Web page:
Dialog Box


There have been many exciting advances in the field of lymphoma including CLL *

Until the mid-2000’s, treatment options for lymphoma were mostly limited to surgery, chemotherapy and radiation. Now, people diagnosed with lymphoma and CLL often have newer, more targeted treatment options. The way lymphoma is detected and monitored during therapy is also changing. The purpose of this resource is to help you understand advances in the treatment of lymphoma and what they mean for you.

Diagnosis and Monitoring

A tissue biopsy, which involves removing tissue from the cancer to examine it under the microscope is necessary to confirm a person has lymphoma and to confirm the exact sub type. Knowing the specific subtype of the lymphoma is critical before starting treatment.

Having enough tissue is also very important to make a diagnosis. Very rarely, needle biopsy samples are sufficient to make a definite diagnosis of lymphoma. In most cases, a core biopsy or surgical biopsy is needed to remove enough tissue to diagnose and classify the lymphoma correctly.

The tissue sample removed during the biopsy should be analysed by a pathologist or a hematopathologist who is experienced in diagnosing lymphoma. A pathologist is a doctor who specializes in interpreting laboratory tests and evaluating cells, tissues, and organs to diagnose disease.

Biopsies may be done again later to help guide treatment decisions or if there has been a relapse of the lymphoma. Additional tests can include, scans, x-rays, PET scans, bone marrow biopsy and blood tests.

Knowing the exact subtype of lymphoma via a tissue biopsy is critical before starting treatment

*Lymphoma is the sixth most common cancer with more than 5,000 diagnoses every year (plus a further 1,100 per year for chronic lymphocytic leukaemia (CLL), which despite its name is now clinically recognised as a form of lymphoma.

What do we mean by ‘newer’ drug treatments?

As researchers have learned more about the changes in cells that cause cancer, they have been able to develop newer drugs that specifically target these changes. These drugs are often referred to as targeted therapy. These drugs work differently from standard chemotherapy drugs and often have different (and less severe) side effects.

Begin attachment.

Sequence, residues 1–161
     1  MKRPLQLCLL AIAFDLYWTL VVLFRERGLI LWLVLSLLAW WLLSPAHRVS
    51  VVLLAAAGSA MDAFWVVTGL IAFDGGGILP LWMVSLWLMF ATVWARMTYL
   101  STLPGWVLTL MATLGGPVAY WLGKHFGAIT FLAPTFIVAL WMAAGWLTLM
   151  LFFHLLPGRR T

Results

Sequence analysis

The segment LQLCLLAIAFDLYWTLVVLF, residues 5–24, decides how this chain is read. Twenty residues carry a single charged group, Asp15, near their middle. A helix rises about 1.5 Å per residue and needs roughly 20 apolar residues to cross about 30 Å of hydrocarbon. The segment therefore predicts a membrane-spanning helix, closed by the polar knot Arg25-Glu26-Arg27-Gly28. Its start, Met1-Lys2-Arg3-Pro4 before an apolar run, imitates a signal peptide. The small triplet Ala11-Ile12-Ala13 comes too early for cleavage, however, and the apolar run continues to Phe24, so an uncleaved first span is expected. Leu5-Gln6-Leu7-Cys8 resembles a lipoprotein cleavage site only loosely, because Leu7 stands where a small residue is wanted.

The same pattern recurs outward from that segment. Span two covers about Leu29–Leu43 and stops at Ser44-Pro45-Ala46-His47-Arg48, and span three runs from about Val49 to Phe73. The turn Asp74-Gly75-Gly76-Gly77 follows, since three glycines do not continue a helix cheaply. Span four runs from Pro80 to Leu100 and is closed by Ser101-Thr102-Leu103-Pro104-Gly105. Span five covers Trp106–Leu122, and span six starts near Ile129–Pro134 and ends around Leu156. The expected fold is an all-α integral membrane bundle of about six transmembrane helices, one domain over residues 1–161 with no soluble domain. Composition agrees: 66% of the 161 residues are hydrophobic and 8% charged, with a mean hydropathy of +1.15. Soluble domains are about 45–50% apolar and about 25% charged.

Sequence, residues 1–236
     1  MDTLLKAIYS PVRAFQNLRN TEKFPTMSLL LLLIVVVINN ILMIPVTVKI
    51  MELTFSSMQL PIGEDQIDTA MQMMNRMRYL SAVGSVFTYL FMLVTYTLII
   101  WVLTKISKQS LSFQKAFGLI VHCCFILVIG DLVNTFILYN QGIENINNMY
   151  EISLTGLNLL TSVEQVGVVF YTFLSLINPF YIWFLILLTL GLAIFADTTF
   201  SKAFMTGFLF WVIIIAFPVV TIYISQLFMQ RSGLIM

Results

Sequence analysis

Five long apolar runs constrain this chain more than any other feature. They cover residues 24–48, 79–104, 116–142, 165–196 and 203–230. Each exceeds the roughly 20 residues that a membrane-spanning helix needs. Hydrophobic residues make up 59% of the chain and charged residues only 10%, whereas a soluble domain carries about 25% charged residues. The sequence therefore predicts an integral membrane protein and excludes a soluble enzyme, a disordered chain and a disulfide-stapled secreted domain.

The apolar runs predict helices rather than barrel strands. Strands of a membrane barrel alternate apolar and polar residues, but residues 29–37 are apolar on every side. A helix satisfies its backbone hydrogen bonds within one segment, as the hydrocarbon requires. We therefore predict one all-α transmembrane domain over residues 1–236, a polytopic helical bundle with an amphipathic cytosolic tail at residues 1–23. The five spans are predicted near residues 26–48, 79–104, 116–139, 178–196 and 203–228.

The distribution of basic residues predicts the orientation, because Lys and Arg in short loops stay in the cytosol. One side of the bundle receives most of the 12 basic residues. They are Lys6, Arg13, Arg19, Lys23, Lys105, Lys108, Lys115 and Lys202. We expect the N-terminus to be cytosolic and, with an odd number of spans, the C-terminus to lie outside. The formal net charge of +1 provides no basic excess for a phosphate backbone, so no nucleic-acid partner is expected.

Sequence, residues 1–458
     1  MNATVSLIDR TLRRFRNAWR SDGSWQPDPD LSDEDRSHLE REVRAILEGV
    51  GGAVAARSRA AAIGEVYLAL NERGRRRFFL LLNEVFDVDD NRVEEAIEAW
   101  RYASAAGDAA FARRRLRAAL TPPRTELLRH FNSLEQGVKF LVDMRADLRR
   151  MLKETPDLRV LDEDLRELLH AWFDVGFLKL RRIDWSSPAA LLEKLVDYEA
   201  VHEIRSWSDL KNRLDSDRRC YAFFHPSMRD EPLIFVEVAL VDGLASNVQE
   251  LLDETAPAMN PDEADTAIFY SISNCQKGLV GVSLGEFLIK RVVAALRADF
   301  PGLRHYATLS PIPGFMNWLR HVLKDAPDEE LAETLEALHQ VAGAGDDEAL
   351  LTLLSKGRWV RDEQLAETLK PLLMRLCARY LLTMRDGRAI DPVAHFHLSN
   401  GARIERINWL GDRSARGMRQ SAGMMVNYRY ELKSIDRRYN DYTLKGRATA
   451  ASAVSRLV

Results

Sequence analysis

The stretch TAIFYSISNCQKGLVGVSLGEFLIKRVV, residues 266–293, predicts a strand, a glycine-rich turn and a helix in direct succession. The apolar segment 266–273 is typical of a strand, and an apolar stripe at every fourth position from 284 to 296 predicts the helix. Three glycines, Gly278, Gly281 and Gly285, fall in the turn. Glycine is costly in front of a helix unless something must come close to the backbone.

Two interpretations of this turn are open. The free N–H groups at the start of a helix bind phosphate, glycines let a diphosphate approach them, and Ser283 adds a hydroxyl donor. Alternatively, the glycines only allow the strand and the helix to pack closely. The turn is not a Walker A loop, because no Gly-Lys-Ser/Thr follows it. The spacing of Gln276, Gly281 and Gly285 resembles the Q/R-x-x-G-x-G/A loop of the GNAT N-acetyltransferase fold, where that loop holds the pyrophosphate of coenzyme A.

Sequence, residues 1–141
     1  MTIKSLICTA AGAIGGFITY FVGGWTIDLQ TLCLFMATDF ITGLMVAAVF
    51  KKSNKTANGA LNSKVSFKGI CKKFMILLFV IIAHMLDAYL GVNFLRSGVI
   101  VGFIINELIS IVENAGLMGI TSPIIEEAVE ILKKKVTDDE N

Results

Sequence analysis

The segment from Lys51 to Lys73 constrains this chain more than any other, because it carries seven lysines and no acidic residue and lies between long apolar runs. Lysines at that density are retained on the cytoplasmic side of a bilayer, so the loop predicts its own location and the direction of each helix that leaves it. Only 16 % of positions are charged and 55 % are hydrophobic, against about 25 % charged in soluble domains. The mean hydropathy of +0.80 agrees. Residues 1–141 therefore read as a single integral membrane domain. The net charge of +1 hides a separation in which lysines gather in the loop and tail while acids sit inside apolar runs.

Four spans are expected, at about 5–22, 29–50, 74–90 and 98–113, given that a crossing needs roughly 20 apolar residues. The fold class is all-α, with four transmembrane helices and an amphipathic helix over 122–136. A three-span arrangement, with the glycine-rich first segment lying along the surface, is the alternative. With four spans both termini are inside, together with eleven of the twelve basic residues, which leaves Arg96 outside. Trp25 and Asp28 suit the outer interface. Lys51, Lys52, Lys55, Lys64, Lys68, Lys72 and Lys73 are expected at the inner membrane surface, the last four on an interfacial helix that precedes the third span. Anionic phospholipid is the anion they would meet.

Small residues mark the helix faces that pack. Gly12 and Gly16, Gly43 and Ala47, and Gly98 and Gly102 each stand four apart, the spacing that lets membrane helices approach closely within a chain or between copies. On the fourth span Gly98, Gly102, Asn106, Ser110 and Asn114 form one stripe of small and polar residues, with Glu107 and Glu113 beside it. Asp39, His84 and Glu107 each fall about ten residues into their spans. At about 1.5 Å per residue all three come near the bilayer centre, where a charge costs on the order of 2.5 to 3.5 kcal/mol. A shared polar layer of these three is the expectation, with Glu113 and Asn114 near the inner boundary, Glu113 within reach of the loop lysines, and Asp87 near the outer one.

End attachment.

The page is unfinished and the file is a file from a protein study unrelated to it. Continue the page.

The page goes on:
Rituximab (MabThera) was the first targeted immunotherapy drug used to treat lymphoma. Other targeted therapies have since been developed, some already in routine use and many in clinical trials (scientific studies that test medical treatments). More targeted treatments are being developed all the time as scientists find out more about the changes that cause cells to go out of control, resulting in lymphoma.

This information is about some of the targeted drugs that are already used in clinical practice or have recently been approved for use in people with lymphoma. As these new treatments become more widely available and more information on how best to use them comes out of clinical trials, they will be used more to treat lymphoma. We have listed types and names of new drugs as well as lymphoma subtypes currently being tested.

PBS approval specifies what types of lymphoma a given drug can be used for. It also states whether the drug can be used as a first-line treatment or only in cases of lymphoma that has relapsed (come back) or is refractory (didn’t respond to treatment).

Only some of the drugs described in this information are available on the PBS. However, you may still be able to access these medicines via clinical trials, compassionate access, self-funding.

This resource is not intended to be a comprehensive list of medicines and clinical trials that are available or being used to treat Lymphoma/ CLL. Ask your medical team if there is a clinical trial that might be suitable for you.